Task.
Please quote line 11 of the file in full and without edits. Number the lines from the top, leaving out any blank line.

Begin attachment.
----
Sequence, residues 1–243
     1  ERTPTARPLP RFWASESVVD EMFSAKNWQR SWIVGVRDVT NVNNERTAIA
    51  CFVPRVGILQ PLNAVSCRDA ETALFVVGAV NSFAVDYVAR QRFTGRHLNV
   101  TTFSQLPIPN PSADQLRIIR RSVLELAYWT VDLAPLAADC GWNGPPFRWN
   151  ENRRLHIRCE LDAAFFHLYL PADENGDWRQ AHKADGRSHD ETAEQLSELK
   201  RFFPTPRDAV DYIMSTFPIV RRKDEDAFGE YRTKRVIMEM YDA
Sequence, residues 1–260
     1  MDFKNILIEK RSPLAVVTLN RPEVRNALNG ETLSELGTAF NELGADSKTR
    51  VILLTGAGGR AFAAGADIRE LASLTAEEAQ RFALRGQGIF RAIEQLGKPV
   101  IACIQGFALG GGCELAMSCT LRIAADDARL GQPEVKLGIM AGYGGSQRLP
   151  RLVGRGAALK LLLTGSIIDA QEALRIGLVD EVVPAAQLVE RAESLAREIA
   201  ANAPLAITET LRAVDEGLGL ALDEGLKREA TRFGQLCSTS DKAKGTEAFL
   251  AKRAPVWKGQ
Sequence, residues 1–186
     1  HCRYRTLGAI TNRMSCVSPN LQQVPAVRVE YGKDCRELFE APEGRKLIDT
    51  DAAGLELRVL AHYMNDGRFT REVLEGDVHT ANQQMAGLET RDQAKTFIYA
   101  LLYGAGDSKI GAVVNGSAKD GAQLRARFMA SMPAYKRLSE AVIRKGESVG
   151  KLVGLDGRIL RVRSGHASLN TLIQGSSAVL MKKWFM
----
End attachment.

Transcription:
   151  RLVGRGAALK LLLTGSIIDA QEALRIGLVD EVVPAAQLVE RAESLAREIA